Over the last ten months, while we have been in the process of purchasing the Anchorage, we have learned a lot about the history of this great house. While we know the house is very old, there seems to be no absolute certainty as to when the Anchorage (initially referred to as the William Elliott House) was constructed.
We have seen accounts in the Beaufort Gazette that state construction began in 1750. However, the lot on which it was built was not granted until 1753 to Samuel Watson and Jean de Legaye. Other accounts state that based on architectural style the construction date might be closer to 1790. What we do know is that at some point the lot was purchased by the Elliott family, but from there things become unclear.
It is possible that Ralph Emms Elliott (1764-1806), a planter who owned Cedar Grove Plantation on Port Royal Island could have been the Elliott who built the house. By 1799 the lot was owned by an R. Elliott. However, Ralph Elliott was not a leading landowner so questions arise as to how he could have afforded such a grand house on the Beaufort water front. While some of the architectural style suggest this might be correct, the extensive renovation around 1900 makes it difficult to pin point the original style. Furthermore, the fact that tabby was used to build the house suggest and earlier date of construction.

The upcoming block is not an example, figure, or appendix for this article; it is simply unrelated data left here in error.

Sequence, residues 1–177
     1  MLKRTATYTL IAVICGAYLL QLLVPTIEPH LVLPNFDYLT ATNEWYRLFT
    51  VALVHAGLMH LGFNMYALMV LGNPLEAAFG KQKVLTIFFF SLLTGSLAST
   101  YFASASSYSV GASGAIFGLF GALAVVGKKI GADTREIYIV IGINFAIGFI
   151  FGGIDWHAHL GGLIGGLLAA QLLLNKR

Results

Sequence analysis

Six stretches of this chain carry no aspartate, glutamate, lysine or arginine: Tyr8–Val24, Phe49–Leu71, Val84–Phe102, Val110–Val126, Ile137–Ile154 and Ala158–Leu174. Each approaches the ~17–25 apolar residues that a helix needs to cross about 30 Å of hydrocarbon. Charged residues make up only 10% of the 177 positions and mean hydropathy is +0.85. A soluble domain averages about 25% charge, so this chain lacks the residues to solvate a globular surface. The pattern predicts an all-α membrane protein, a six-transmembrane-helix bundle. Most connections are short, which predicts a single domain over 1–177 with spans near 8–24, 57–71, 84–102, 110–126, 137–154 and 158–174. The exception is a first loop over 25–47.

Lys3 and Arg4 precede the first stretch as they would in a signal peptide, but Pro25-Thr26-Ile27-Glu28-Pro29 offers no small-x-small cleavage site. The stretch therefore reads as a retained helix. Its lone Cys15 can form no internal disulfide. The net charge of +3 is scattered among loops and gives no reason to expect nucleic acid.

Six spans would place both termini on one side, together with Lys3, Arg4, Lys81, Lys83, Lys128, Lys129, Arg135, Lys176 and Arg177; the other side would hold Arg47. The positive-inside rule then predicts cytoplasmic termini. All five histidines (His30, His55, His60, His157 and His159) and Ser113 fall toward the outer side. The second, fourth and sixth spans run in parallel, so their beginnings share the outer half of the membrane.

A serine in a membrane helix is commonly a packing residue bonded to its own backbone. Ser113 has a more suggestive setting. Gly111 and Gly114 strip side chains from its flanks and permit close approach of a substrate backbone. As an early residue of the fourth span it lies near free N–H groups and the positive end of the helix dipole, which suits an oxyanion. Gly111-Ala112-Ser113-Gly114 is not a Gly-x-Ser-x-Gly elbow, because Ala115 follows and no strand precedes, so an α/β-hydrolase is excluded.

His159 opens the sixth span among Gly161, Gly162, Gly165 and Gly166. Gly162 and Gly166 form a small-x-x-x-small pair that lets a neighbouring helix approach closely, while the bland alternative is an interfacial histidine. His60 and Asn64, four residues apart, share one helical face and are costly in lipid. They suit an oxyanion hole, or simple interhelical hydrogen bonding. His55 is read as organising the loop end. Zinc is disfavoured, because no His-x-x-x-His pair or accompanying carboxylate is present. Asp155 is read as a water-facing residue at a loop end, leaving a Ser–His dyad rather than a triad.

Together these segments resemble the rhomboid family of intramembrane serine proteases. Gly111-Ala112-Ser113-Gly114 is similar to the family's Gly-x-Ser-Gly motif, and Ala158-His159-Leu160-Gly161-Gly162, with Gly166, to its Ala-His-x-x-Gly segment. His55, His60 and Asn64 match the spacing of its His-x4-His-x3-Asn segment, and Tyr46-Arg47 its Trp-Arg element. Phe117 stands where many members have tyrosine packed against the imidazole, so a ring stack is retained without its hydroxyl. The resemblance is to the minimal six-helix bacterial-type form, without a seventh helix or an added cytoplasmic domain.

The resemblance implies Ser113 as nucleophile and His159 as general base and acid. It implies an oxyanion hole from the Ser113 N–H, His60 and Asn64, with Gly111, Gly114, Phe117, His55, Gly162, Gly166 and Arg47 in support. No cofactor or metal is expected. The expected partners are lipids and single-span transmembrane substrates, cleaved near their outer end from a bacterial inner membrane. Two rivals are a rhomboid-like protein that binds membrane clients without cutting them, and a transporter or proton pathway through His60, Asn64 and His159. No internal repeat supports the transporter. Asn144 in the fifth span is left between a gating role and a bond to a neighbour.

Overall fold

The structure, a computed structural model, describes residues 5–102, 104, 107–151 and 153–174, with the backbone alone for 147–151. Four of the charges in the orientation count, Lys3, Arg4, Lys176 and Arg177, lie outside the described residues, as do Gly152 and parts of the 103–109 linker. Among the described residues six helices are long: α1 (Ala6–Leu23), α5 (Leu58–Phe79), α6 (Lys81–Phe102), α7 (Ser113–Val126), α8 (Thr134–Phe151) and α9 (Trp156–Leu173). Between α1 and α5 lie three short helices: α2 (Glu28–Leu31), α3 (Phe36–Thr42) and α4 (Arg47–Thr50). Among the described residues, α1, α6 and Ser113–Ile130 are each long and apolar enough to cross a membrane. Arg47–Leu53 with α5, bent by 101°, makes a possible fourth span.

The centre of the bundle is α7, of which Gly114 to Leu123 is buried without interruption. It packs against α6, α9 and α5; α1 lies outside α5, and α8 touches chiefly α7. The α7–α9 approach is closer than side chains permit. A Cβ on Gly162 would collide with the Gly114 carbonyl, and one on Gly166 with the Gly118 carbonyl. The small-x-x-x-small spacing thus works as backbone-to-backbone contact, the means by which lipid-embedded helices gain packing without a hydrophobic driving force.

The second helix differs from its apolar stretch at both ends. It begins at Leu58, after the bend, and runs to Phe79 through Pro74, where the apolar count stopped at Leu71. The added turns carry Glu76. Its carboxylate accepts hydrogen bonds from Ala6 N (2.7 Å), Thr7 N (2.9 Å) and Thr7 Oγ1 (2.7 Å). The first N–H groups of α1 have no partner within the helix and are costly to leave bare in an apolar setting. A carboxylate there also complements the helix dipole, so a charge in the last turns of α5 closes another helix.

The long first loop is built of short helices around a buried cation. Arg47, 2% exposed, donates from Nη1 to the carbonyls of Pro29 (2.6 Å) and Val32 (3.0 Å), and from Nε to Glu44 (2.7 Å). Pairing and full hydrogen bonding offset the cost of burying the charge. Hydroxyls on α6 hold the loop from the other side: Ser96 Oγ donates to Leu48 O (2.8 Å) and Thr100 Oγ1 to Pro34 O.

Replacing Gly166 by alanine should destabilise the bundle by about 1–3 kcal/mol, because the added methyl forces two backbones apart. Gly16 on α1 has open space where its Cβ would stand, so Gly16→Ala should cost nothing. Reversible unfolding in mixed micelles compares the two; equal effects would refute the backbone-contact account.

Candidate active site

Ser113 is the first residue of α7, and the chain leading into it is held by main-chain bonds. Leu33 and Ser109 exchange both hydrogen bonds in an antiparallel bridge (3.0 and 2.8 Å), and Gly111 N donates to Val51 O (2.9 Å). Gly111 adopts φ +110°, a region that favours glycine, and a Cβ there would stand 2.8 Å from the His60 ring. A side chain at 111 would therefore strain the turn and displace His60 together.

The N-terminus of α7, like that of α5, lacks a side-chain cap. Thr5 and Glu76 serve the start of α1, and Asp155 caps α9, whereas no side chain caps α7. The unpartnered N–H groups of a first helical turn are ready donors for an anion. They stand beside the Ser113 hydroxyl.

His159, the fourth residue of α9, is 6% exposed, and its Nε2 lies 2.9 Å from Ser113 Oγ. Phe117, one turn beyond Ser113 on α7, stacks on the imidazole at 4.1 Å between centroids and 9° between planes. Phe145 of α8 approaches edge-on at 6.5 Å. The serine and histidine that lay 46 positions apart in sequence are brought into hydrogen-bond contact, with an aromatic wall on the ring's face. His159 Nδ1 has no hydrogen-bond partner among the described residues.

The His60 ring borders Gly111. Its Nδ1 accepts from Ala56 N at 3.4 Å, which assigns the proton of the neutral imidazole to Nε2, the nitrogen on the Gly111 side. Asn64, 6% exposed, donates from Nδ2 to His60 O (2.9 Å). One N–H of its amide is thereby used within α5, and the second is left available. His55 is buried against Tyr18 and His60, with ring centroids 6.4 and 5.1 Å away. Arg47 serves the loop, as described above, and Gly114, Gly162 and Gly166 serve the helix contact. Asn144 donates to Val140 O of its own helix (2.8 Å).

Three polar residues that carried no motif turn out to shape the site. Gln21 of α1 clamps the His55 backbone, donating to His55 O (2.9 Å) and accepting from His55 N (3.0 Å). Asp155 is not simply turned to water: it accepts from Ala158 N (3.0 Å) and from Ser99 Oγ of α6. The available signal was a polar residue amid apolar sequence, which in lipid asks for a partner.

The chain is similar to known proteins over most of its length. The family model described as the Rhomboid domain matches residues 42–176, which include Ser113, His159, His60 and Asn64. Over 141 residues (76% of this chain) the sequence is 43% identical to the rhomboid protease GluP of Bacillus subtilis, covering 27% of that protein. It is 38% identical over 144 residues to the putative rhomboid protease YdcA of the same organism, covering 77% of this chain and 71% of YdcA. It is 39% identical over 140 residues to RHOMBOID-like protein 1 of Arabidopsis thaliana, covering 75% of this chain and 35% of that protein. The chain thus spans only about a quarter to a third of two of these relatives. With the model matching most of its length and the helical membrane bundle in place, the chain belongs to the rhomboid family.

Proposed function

There is another version of history that suggests that William Elliott I (1730-1778) built the house in 1770. William was Ralph’s father and a man of considerable means. He owned several plantations on Parris Island and could have easily afforded to build the mansion. The National Register of Historic Places sites 1770 as the date the house was built. If that is the case it would have had to be William Elliott I who was the original owner.
On the front porch of the Anchorage there is a plaque from the National Register that has the date of 1770. While nobody knows the exact date, we see it as a mid point between 1750 and 1790. Since there is no definitive date, and we have a plaque from the National Register, we are going to settle on 1770. Anchorage 1770, we like it!